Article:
SpaceX is targeting early Sunday evening for its 39th Falcon 9 mission of the year, a dedicated mission to deliver an Indonesian communications satellite on the first leg of its long trek up to Geostationary Earth Orbit (GEO). The veteran B1067 core—making her fourth flight of 2023 and the 12th of her career so far—will rise from from storied Space Launch Complex (SLC)-40 at Cape Canaveral Space Force Station, Fla., during a lengthy “window” which opens at 6:04 p.m. EDT tomorrow.
The launch window for Sunday will run for 178 minutes, closing at 9:02 p.m. EDT. A second opportunity on Monday evening extends from 5:54 p.m. EDT through 9:12 p.m. EDT, totaling 198 minutes.
And Mother Nature looks set to gaze reasonably kindly on the opening launch attempt, with a minimum 60-percent probability of acceptable conditions, possibly improving to 75-percent-favorable, with a similar picture on Monday. “A boundary is pushing over Central Florida, increasing the afternoon and evening thunderstorm coverage and strength,” noted the 45th Weather Squadron at Patrick Space Force Base in its L-2 update, issued Friday.
“This boundary should push south of the Space Coast by Saturday morning, creating a more normal summer pattern of coastal sea-breeze development on Saturday and Sunday,” it added. “While afternoon and evening thunderstorms are still likely at the Spaceport over the weekend, their coverage and intensity should be lower.”
With this in mind, primary weather concerns center around potential violations of the Cumulus and Anvil Cloud Rules, along with the Surface Electric Fields Rule associated with Sunday’s convection. The 45th anticipates a marked decrease in the storminess of the weather during tomorrow’s expansive launch window.
Landing conditions for B1067 herself are expected to be low-moderate. The Autonomous Spaceport Drone Ship (ASDS), “Just Read the Instructions”, put to sea out of Port Canaveral late last week, bound for a recovery location about 420 miles (680 kilometers) offshore in the Atlantic Ocean.
And B1067 will cement her own credentials as one of the most flown members of SpaceX’s Falcon 9 fleet. This particular bird came online in June 2021, when she lofted the CRS-22 Cargo Dragon for its month-long voyage to the International Space Station (ISS).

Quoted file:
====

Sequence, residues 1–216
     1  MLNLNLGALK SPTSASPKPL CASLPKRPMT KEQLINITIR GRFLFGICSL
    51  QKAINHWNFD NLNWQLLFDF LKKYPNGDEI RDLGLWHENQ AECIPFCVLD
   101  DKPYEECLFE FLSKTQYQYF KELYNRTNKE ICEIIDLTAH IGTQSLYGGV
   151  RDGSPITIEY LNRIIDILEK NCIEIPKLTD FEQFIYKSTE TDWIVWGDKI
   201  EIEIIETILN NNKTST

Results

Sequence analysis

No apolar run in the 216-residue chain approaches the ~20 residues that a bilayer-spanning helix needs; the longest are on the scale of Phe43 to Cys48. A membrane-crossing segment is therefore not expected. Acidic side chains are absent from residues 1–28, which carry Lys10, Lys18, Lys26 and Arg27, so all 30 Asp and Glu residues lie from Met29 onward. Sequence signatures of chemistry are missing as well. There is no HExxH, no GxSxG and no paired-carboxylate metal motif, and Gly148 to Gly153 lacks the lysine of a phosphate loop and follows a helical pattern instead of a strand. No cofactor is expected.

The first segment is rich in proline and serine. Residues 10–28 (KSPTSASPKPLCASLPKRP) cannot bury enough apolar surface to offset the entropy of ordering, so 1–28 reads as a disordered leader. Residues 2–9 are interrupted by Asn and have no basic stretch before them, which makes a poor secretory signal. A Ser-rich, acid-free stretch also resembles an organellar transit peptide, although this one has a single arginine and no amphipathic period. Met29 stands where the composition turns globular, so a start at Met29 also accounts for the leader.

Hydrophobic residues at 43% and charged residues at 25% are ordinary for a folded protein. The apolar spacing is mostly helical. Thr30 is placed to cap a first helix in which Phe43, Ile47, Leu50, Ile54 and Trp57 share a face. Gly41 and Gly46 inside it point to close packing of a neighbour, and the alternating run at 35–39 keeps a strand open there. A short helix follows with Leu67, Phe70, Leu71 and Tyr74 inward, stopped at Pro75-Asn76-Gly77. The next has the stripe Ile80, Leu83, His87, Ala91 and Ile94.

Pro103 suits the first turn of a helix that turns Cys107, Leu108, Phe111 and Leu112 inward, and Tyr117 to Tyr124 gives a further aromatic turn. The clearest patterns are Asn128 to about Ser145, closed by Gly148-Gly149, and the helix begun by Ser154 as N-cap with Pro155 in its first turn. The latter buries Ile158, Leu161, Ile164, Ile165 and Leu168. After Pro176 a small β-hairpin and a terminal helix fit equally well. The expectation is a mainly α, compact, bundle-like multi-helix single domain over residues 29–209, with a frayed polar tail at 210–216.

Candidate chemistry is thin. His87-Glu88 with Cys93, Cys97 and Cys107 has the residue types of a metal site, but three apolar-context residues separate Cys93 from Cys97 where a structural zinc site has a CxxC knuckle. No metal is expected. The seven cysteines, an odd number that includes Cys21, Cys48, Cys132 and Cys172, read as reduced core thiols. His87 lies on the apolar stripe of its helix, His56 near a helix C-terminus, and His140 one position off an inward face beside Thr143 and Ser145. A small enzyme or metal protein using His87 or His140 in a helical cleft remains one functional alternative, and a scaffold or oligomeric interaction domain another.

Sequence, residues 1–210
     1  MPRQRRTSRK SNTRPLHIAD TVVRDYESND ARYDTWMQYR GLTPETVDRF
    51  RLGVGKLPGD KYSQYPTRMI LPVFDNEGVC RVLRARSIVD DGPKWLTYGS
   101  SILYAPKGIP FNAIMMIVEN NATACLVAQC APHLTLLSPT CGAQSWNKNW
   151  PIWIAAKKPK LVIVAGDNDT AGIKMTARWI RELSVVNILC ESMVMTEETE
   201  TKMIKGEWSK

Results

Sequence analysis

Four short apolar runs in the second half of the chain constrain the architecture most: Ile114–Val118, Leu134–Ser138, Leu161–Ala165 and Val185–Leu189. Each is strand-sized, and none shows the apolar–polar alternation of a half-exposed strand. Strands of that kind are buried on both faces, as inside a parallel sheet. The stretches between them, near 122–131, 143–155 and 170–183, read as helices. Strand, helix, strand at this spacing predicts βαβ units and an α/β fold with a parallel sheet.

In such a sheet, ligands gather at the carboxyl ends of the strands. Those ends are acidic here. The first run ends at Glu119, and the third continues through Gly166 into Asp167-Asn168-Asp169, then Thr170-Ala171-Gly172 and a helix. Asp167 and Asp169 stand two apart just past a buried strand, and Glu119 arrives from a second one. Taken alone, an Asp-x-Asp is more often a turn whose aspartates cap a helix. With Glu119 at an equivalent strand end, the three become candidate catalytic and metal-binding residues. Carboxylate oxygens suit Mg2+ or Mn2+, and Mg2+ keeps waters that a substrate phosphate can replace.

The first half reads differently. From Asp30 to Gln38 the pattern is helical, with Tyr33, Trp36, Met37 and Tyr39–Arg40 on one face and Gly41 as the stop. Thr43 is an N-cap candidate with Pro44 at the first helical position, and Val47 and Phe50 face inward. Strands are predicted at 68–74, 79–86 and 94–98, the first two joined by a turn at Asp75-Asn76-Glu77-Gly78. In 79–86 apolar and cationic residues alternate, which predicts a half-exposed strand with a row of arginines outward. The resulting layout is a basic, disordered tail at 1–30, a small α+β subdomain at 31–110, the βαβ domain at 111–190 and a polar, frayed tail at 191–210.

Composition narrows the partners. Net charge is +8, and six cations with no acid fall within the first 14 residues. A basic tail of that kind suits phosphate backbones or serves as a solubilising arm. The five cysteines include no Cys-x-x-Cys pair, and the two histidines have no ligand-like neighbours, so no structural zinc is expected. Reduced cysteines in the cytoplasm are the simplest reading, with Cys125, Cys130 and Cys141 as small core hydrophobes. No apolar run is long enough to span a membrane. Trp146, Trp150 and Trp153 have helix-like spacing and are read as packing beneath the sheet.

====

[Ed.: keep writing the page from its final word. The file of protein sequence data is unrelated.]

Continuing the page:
She went on to deliver eight astronauts from the United States, Germany and Italy to the station as part of the Crew-3 and Crew-4 missions in November 2021 and April 2022, followed by the CRS-25 Cargo Dragon last summer. Added to that list, she lifted a geostationary communications satellite for Turkey, a grand total of 222 Starlink low-orbiting internet communications satellites, a pair of O3b mPOWER broadband satellites and the Hotbird 13G communications satellite.
With tomorrow evening’s launch of her 12th mission, B1067 seeks to set her own “personal best” of only 35 days between a pair of flights. Most recently, she lofted a Starlink payload out of the Cape’s SLC-40 in mid-May.
This will also be SpaceX’s fifth launch of June, following on the coattails of a pair of missions in the month’s opening week—including the CRS-28 Cargo Dragon to the space station—and a second pair, spaced only 14 hours apart, just last week. Primary payload is the Satria Very High Throughput Satellite (VHTS), built by Thales Alenia Space for Indonesia’s Pasifik Satelit Nusantara (PSN), which will eventually take up residence at 146 degrees East for an estimated 15-year operational lifetime.
The full-Ka-band satellite will deliver up to 150 gigabits of data, connecting over 90,000 schools, 40,000 hospitals and public buildings and is expected to substantially narrow Indonesia’s digital divide. Contracts between Indonesia’s Ministry of Communications and Information Technology and domestic satellite operator PSN selected Thales Alenia Space in July 2019 to build the satellite.
And in September 2020, as work formally began on Satria—at the very height of the worldwide COVID-19 coronavirus pandemic—SpaceX was selected the mission’s launch provider. The satellite’s payload was integrated with its main spacecraft “bus” last October and was delivered by sea from Nice, France, to the Cape in May.
It arrived in Florida in the final days of last month to enter pre-launch fueling and encapsulation. Satria is be the second PSN satellite to be launched by the Hawthorne, Calif.-headquartered organization, following Indonesia’s participation in the co-manifested ViaSat-3 mission earlier this year.